There were some more entries, each for my birthdays up until when I was seven. They told me how proud he was of me, he’d seen photos, I was growing up to be a handsome boy.
3rd July 2008
It was wonderful to see you today. I’m very grateful your father afforded it of me. You asked me about the war. I couldn’t tell you; your father was listening. I hope this isn’t too late.
War is everything and it is nothing. I believe it made me who I am today, or at least accelerated it. I wasn’t always a bad man.
I’ve killed many people. Some by choice and some out of necessity. When it’s you or them, you can forgive yourself. It’s the ones that I’ve chosen that haunt me. Did I have to do it? Probably not. Would I do it again? I think I would.
There was a photo attached to this page. A black and white image of a younger man, I assume was my grandad, in fatigues, holding a gun, standing next to a dead body. There was a smirk on his face. I studied this and couldn’t tell if it was excitement or fear.
3rd July 2011
Your father told me what happened today. I’m not shocked to be honest. Kids do stupid things. He said he was proud of the way you dealt with it, as much as he could be. He blames me you know. He thinks I’ve been talking to you. I found that very funny. It was inevitable. It was written in the stars. I wish I could help you. I’ll make sure I can, one day.
That was my tenth birthday. I had no clue what he was referring to. He must have been mistaken. I tried to remember, but it wouldn’t come back to me. I made a mental note to ask father.
30th March 2012
You’re getting older, Jack. It’s important you exercise. I hope you do. I made your father at your age. I’d watch him out of the back window run around the yard. Fifty laps a day, rain or shine. It was important he was prepared physically. Fifty sit ups before breakfast is a good start. Then fifty squats and fifty push ups. It gets easy real quick. If you haven’t started, do that.
It was strange. I wasn’t sure if he was writing these entries for me then or now. I looked down at my scrawny arms, and slight gut, he was right, I needed to exercise.
1st December 2014
I made a mistake today, Jack. I had to call your father. I’m not as strong as I once was. I overstepped my boundaries. It’s easy to do. It was my own hubris. Your father’s a good kid. He’ll always be there for you, whatever you do, I can promise you that. Preparation is key. If you are prepared, your actions are guaranteed.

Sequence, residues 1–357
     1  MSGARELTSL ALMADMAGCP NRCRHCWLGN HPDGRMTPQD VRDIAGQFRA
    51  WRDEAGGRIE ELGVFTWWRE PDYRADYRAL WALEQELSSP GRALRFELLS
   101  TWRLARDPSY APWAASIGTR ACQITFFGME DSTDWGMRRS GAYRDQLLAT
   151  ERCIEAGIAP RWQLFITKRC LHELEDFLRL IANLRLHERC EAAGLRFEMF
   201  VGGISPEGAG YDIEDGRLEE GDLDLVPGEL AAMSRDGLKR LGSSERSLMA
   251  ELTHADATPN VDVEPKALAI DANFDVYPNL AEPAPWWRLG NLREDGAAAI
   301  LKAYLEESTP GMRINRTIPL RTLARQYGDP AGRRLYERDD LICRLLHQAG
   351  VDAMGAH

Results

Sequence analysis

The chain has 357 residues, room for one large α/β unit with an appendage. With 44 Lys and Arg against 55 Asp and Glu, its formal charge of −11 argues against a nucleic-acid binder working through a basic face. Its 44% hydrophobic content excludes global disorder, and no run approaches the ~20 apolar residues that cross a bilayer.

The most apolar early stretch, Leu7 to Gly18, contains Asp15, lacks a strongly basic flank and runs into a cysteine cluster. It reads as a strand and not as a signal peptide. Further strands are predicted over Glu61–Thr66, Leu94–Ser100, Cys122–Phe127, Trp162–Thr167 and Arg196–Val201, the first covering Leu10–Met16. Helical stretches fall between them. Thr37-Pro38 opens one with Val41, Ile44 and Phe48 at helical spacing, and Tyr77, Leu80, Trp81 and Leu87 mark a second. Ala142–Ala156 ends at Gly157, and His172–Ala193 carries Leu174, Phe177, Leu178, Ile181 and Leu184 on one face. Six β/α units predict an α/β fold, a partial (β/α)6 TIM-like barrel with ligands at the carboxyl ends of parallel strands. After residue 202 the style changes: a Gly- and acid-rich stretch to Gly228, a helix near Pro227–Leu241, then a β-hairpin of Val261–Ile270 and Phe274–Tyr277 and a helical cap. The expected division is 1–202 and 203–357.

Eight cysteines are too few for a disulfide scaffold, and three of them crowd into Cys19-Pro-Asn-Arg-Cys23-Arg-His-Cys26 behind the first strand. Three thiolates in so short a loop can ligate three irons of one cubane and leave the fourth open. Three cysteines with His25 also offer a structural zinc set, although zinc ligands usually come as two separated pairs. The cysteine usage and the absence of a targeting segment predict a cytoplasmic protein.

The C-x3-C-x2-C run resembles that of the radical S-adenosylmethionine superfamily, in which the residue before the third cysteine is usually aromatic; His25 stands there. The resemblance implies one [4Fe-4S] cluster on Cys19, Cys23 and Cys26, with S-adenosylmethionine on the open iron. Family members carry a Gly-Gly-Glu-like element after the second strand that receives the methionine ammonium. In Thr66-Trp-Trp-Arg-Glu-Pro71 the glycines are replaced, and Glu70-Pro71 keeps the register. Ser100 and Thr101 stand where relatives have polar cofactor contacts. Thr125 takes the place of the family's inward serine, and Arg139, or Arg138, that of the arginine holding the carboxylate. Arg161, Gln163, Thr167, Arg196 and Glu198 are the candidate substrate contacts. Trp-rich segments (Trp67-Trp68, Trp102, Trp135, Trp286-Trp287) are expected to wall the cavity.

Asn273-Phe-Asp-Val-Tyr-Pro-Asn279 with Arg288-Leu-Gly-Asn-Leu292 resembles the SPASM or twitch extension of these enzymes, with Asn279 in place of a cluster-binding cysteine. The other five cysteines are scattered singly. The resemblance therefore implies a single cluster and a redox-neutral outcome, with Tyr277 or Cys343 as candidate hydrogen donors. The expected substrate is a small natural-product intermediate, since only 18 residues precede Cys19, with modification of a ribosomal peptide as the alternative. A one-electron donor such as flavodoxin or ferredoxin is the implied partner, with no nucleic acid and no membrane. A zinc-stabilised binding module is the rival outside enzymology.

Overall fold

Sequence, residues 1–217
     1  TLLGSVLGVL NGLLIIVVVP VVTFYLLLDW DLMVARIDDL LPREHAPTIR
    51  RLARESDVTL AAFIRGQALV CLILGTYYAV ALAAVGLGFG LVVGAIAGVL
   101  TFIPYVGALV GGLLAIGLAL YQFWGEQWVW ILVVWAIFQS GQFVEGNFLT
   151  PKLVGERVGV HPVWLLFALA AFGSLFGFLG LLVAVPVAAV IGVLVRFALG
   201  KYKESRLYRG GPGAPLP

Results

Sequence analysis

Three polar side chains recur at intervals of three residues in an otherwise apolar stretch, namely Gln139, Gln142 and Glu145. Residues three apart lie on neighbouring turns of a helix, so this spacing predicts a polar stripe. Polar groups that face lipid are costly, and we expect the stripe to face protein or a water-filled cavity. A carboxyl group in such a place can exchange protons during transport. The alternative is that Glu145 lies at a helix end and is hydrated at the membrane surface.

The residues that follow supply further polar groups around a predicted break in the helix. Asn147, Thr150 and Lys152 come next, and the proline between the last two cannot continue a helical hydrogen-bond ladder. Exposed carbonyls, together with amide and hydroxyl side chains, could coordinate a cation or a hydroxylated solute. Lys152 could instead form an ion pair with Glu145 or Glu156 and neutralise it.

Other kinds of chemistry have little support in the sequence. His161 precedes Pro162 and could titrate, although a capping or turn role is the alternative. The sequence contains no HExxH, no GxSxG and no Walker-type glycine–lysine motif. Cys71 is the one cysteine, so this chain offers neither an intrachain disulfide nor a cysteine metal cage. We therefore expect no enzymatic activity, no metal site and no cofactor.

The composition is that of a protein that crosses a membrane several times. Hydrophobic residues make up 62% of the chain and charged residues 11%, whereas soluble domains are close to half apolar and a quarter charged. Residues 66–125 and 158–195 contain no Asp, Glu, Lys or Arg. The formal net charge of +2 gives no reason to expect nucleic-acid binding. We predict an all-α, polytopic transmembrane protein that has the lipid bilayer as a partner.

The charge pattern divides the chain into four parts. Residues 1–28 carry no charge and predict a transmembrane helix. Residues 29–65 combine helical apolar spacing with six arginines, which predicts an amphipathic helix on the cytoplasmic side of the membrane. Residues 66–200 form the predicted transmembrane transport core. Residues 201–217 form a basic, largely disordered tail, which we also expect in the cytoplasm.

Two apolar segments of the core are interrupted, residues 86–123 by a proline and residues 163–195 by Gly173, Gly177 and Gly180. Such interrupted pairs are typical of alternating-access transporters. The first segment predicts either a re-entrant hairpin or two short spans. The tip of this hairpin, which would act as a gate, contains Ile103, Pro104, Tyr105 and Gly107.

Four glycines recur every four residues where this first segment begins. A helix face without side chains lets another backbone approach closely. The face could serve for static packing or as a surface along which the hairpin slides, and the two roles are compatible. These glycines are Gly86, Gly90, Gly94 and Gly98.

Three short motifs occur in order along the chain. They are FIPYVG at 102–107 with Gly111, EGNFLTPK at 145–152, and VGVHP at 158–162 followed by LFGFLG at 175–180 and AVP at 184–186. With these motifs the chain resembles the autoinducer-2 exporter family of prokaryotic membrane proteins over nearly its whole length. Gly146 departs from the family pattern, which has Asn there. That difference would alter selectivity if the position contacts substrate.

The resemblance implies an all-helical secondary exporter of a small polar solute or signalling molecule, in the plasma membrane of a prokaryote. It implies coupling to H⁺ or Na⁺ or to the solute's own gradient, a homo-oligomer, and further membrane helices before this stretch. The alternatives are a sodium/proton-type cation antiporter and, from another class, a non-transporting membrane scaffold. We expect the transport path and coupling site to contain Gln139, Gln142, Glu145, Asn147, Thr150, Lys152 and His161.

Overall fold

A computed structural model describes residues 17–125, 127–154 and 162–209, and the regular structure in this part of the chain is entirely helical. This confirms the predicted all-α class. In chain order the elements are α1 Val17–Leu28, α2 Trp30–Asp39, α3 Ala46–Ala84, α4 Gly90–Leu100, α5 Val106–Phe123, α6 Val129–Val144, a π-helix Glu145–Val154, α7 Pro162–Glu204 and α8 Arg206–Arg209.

The next few entries were sprawled out over the next few years, and didn’t address me directly. It was as if they were written for someone else. The most interesting one was this.
31st October 2017
Thank you for visiting me, George. You were always fun. I’m surprised you didn’t remember why I had been mad at you for so many years. Bygones be bygones and whatnot. I appreciate you visiting. You can stay as long as you want, I know you will.
I wondered if grandad forgot this book was for me, and was meant to write this somewhere else. My reading was interrupted by arguing from downstairs. I snuck out of my bedroom to listen.
“What the hell!” my mother screamed.
“Keep your voice down,” my dad responded.
“We need to do something about it now.”
“Let me think.”
“What the hell do you have to think about?”
“It’s already happened, there’s no reason to panic.”
“If that’s what was in your book, what was in the one you gave to Jack?”
“It’ll be fine.”
“I’m going to call the police.”
“Don’t! Give me some space.”
The arguing abated.
I returned to my room and flicked forward in the book, stopping on an entry from last week. The following pages were blank.
14th November 2019
Jack, I’m going to die soon. I’m looking forward to seeing you next week, it was nice of your father to allow it. I hope I make it.
I wonder, what type of man you’ll become, whether you’ll take after me or your father. It’s important to remember he is a forgiving man. He forgave me, for who I was then and who I am now. You can tell him anything.
If you want to know who you are, I have something for you, in my house, if it’s not too late. I’ve been preparing for this.